Ratings can be a powerful tool, but if management and the audit committee place undue emphasis on them, they tend to have a polarizing effect on line and operating managers whose performance ends up being summarized in a single word: "unsatisfactory." In a lecture I delivered several years ago, I summarized the undesirable consequences of ratings in internal audit reports:
- Ratings may foster friction between internal audit and operating management. This is particularly true when ratings are used as negative indicators in performance management plans. In such cases, responsible managers can lose some or all of their incentive compensation. In other organizations, managers whose areas of responsibility earn unsatisfactory ratings must come before the audit committee to explain their corrective action plans. A CAE once told me that, in those rare occasions when he included an "unsatisfactory" rating in an audit report, it was his signal for the responsible manager to be fired! No wonder ratings turn into lightning rods.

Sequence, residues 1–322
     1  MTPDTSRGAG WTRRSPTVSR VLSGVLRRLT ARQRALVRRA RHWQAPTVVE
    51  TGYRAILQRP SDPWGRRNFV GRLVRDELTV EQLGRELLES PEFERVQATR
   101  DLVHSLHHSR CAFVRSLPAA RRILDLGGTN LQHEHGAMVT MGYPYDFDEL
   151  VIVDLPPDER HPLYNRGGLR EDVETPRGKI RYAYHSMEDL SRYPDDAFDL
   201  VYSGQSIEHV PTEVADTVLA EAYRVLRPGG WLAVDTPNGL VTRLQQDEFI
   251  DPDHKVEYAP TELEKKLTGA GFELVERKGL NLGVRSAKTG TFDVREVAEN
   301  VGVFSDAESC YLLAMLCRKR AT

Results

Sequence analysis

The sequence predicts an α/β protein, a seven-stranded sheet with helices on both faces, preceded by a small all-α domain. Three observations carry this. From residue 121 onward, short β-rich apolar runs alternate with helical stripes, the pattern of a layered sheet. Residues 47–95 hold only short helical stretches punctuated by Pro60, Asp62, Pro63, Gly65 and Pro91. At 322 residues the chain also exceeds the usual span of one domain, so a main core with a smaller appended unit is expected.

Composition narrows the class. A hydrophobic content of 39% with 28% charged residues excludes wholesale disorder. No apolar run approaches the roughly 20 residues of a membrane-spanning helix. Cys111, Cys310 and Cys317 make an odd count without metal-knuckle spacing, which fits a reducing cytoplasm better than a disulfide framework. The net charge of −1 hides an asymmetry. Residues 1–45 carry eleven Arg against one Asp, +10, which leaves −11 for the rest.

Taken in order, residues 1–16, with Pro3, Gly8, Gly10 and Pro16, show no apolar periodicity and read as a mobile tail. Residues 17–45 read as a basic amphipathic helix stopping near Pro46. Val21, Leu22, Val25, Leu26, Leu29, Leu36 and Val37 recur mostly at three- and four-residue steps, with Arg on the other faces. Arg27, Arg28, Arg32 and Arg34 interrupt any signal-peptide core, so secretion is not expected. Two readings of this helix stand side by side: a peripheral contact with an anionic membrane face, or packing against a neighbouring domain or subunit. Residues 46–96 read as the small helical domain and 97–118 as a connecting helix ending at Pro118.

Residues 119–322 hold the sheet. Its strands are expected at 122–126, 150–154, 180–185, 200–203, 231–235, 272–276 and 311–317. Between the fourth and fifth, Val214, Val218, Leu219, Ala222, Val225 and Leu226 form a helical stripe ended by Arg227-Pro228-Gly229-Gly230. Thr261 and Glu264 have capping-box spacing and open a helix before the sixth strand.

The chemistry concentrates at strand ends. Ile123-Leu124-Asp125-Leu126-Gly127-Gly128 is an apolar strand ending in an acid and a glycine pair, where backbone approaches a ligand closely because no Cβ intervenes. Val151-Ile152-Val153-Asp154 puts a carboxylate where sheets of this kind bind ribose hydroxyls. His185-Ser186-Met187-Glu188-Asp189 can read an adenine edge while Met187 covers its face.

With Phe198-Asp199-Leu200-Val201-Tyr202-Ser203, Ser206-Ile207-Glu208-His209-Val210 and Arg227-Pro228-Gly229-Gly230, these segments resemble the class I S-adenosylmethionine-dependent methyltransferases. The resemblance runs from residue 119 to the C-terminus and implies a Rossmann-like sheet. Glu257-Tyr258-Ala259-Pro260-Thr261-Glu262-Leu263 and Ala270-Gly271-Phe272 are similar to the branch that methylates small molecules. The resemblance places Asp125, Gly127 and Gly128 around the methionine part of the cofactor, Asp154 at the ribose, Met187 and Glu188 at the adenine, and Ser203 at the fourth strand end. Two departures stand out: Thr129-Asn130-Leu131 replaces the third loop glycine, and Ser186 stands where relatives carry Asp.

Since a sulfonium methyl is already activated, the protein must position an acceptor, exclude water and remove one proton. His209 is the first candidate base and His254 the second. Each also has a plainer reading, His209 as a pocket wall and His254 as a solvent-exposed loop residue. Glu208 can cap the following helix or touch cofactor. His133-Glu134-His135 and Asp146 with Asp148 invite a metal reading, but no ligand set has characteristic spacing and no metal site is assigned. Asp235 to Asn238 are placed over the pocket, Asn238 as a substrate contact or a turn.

- Ratings add to the reporting process time (increasing how long it takes to finalize an audit). One of the most significant contributors to delays in finalizing an audit report is the amount of time it takes to receive management's response/concurrence with the draft report. The CAEs in the recent roundtable discussion acknowledged that this is often exacerbated by negative ratings. The problem can be so acute that some CAEs won't assign a rating until after management has responded — a practice that certainly doesn't endear internal audit to management.
- Ratings may diminish the significance of important audit findings. If the ratings are assigned only to the final report, and not to individual findings or issues, the reader may overlook important results in the audit report. Rushing to look at the rating may impair the reader's ability to see the trees for the forest.